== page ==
The stunningly surreal His Duchess, written and directed by Elliot Douglas, premiered on the October 16th in the Barron Theatre. I went to see it on the Saturday night and in all honesty, it was the best play I’ve seen in my four years here at St Andrews.
You can always tell how well a show is doing if you listen closely during the intermission. The first act of His Duchess was relatively short, but the bizarreness of it left the audience at the edge of their seat during the intermission. All around me, people sat whispering excitedly and thinking up theories about the Duchess’s whereabouts, life and mysterious and rather curious personality. I even heard someone contemplate whether she’d been abducted by aliens, become a little bit eccentric and subsequently been returned back to earth. As the audience sat guessing, I couldn’t help but be enchanted with the plot itself. It would be an understatement to call the writing superb: it captured drama, poetry, comedy and the boundless nature of imagination into a single, eloquent piece of theatre. It also worked as an intriguing time capsule for the 19th century onwards, where references ranged from Emily Dickinson, John Keats, Ella Fitzgerald and Beyoncé.
It was the second act, however, that struck me the most. It brought along not only an impulsive change in tempo, but also the ‘big reveal’: the Duchess was actually in a psychiatric institution, looked after by the stern (and extremely hilarious) Mrs. Smith. Rosie Beech did an excellent job at capturing the malleability and sarcastic temperament of Mrs. Smith, but by virtue of the plot she was far more noticeable and dominant in the second act. In the first act however, her attention to detail was particularly remarkable; though the main spotlight was always on the Duchess, Rosie Beech never let herself lose her character, she would pick and prod at the dusty curtains in the background, pick up the Duchess’s letters and read them or have the most comical facial reactions to the ongoing events. She rendered her character so life-like and amusing that it was impossible not to relate to her, even though she was as close as this play had to a villain. Similarly, the stage presence of Matthew Lansdel as Mr. Brown, was only fully opened up in the second act, but the entire fluidity of the last scenes of the play seemed hinged upon his ability to react and relate to the Duchess (as a character and an actor), which he did in equal measure.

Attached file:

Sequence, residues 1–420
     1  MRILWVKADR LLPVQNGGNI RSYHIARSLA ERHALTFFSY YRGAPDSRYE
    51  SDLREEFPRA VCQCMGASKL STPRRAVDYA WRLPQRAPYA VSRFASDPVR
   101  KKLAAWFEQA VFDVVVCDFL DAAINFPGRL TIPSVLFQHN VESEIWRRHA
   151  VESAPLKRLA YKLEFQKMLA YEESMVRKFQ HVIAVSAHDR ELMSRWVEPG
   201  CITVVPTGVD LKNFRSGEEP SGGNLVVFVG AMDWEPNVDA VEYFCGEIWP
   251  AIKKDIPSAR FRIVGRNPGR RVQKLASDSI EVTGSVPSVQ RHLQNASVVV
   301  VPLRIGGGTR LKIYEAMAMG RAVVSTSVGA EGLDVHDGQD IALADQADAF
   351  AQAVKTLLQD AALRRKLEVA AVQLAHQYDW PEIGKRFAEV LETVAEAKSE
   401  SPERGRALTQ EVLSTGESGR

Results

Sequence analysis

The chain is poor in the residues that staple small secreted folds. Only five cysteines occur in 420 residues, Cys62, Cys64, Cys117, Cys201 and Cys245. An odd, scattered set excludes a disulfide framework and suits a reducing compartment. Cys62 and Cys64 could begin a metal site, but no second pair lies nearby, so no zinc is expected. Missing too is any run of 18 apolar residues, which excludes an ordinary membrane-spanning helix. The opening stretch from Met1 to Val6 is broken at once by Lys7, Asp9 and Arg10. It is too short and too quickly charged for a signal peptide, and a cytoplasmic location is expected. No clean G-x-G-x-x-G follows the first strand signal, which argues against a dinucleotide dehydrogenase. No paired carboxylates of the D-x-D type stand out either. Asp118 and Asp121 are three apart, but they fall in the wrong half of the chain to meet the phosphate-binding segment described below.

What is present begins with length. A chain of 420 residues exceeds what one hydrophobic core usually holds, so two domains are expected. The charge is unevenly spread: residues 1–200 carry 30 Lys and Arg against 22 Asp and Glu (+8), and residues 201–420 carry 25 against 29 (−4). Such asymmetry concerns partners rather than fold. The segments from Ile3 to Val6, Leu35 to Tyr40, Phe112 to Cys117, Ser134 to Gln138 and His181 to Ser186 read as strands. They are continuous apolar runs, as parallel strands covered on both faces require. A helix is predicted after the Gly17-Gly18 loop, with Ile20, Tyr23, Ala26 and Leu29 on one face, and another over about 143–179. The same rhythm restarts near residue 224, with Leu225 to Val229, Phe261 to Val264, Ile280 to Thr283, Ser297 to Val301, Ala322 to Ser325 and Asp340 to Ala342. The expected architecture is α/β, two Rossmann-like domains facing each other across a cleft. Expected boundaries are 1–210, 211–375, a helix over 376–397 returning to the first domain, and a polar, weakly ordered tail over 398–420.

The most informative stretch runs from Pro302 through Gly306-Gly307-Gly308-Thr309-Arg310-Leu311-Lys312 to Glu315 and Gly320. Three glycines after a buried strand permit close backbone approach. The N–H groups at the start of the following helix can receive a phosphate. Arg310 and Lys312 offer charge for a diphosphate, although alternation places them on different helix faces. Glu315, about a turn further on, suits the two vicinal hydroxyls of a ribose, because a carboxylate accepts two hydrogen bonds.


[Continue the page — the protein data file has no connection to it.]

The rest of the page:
Alice Wilkinson, who played the Duchess, deserves special mention for her incredible performance and remarkable stage presence. She was energetic from the onset, using the set to her advantage and changing from one position in one place, to a completely different one elsewhere. Her body language was fluid in portraying the anxiety and chaos of her character. She would move gracefully through the audience delivering her lines, a sort of omnipotent presence, making sure that everyone was aware of her stature and superiority. The most impressive part was her ability to slip in and out of sanity, per se, and the way in which that made the show all the more suspenseful. She never strayed too far from responding to what was going on, but not too close to make it seem like the Duchess was normal after all.
For a production and cast team this small, the set, music and costume design maintained the high expectations for detail that had been set by the actors and writer. The opening scene featured an array of 1920s themed knick knacks, with a few oddities here and there, not to mention a couple of wine bottles shipwrecked on the floor. The piano was a great addition, used exactly as it is in real life – to play around with during moments of anxiety or tension. The record player helped to invite surreal dancing and singing, to blur the line between fantasy and truth even more. The costumes were appropriately vintage for the piece, and the changes done for the Duchess for the second act worked well to underline her miserable reality.
The story of the Duchess hit home for many of the audience members and left us all feeling a little stricken and most definitely entertained. It would do the play justice to summarise it in its own words, for that was its biggest asset alongside the marvelous casting and set design. After all, “all we have is our perceptions, the facts from which we make our fictions”.